Duddell’s, Hong Kong
The room was warm and clean, the curtains drawn open. Two blood coolers cast from urethane flanked a lavishly decorated dining nook where illuminated traditional Chinese landscapes hung over the heads of diners. Produced by torching canvases with homemade napalm, the works in Andrew Luk’s ‘Horizon Scan’ series (2017) are both chemically produced relief maps and shimmering updates on a Tang dynasty art form popular among the cultured elite.
In the chambers of a high-end social club and restaurant in Hong Kong, curator Ingrid Pui Yee Chu has brought together works by 11 artists based in or connected to the city to investigate the idea of permanence as it relates to an art made of ephemeral ideas and materials. Abiding by the rules of feng shui, each item has been chosen to reflect the existing surfaces and placed with care.
Chu has a background in archiving: until recently she was public programmes curator for Asia Art Archive. Here, however, working with Duddell’s art manager, Erin Li, she has sourced the majority of works from local collectors, bringing them from their homes and storage containers into a more public sphere. From Hu Fang’s ‘Home for Books’ (ongoing) and Josh Kline’s re-imagined blood coolers to An Te Liu’s Brutalist Rice Cooker (2013) – slip cast in stoneware with a pigment overglaze – and Sterling Ruby’s ASHTRAY 413 (2016), ‘The Preservationists’ addresses ideas of containment and conservation, as well as what constitutes the publicness of a work of art.
Chu re-imagines Duddell’s exclusive multifunctional rooms in the context of a city whose artists continually face a lack of space. Many of the works are banal restaurant objects made into strange – possibly toxic – materials. Josh Kline’s electronically refrigerated coolers are named Essence of Bitter Melon and Sleeping Under the Kitchen Table (both 2015). Each contains an IV bag – the first with Dettol floor cleaner infused with powdered Indonesian rupiah and the second with Fab laundry detergent mixed with powdered Philippine pesos. James Carl’s Takeouts (1995–ongoing) translate humble styrofoam forms into marble.
Some say collecting art isn’t about consumption at all. In fact, it’s about the reverse: returning an object to its essence, beyond its existence as a commodity form. Tang Kwok Hin’s Ten Years a Play (Only Fools Fall in Love) (2017) sees a white lace sheet hung over a wooden rack with Cantonese opera ephemera and ink calligraphy. Lit by several harsh white spotlights, the installation doubles as a funerary setup: an altar to unnamed actors signalling a passage to the eternal.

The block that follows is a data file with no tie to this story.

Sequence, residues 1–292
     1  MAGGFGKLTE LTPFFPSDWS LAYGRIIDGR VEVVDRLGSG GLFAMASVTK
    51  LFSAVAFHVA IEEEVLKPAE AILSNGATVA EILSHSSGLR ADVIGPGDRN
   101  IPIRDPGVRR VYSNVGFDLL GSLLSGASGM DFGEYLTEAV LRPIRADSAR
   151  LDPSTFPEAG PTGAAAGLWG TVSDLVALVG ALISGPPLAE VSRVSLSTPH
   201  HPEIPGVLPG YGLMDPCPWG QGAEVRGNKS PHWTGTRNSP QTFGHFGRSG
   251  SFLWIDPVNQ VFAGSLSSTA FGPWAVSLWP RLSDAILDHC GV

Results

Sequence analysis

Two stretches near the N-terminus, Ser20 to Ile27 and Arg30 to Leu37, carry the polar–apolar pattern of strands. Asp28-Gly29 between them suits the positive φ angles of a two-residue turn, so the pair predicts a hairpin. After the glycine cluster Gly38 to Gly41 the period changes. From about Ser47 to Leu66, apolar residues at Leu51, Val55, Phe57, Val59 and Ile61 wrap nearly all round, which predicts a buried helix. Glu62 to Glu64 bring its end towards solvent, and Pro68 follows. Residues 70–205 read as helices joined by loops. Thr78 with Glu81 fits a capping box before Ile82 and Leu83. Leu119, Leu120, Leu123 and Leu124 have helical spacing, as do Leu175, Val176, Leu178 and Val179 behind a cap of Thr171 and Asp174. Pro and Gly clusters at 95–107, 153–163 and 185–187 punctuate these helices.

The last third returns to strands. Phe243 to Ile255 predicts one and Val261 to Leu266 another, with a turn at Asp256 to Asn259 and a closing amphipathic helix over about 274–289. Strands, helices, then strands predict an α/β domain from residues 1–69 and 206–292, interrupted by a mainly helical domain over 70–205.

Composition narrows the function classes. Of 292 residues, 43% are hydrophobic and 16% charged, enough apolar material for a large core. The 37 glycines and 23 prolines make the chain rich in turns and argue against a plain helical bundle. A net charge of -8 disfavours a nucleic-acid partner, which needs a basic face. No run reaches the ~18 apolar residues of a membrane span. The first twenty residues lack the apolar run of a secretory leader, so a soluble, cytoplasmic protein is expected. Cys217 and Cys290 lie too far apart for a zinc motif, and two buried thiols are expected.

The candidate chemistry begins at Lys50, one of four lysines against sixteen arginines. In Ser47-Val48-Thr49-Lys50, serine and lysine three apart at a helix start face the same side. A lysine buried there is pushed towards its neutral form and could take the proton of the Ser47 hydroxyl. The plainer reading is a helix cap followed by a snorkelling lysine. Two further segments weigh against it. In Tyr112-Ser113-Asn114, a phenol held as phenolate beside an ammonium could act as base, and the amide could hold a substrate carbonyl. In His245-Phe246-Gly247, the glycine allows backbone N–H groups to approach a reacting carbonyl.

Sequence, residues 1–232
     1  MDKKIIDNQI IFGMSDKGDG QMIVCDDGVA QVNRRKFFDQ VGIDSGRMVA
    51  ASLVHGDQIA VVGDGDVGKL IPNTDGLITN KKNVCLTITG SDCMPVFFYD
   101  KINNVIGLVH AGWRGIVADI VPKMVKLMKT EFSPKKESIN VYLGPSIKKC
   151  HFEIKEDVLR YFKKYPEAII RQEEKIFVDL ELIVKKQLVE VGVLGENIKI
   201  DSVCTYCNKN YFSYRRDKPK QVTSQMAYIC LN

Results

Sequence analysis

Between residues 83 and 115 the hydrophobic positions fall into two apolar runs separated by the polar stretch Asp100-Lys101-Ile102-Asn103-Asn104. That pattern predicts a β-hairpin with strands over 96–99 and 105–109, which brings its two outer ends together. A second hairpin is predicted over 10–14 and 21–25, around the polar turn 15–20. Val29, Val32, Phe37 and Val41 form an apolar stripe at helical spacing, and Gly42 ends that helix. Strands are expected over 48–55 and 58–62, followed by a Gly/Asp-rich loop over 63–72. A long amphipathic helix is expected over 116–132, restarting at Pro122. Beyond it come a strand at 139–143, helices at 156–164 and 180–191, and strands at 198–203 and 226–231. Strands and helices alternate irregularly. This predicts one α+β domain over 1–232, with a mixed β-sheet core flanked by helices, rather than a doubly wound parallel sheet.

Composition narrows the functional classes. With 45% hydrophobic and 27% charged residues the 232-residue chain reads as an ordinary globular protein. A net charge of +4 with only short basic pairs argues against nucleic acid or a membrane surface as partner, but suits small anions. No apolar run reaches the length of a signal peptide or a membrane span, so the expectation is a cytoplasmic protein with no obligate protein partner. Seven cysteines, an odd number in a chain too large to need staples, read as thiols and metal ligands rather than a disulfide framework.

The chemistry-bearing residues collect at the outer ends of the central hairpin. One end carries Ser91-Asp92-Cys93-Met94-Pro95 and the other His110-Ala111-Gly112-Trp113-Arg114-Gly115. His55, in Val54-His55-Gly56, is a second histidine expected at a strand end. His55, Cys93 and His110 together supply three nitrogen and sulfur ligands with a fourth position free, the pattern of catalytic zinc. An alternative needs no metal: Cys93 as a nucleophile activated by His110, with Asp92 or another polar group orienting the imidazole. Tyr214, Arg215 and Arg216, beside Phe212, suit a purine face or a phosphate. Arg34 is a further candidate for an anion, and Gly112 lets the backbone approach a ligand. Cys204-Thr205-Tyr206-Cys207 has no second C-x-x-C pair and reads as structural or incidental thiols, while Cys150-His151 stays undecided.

Up the stairwell, a massive Sterling Ruby fabric painting has been hoisted through the patio window and hangs beside two felt works by Aniwar Mamat, bringing the softness of the space’s floor onto the walls. The collaged geometric patches of Ruby’s BC (3786) (2012) are made to resemble quilting while Mamat’s The Birth of Light (2015), Green (2015) and Traces of Breath from Rome 1 (2015) are made using century-old Uyghur felt wool production techniques.
The works don’t mimic the mannersand mannerisms of the space, but assume them: the volumes on Hu’s bookshelf were designed seamlessly into the space, as was Dong Dawei’s ‘Fault 11’ (2017), an edition of 400 prints released in Duddell’s Chronicle. In the rapidly developing art economy of Hong Kong, ‘The Preservationists’ points to the network of collectors, social events and human relations that make the whole business work. The preservationist is the artist, the curator and the collector. By creating the conditions to allow perfect colouration to endure, what is ultimately preserved here is the social life of the art world itself.
Main image: 'The Preservationists', 2017, installation view, Duddell's, Hong Kong. Courtesy: Duddell's
First published in Issue 193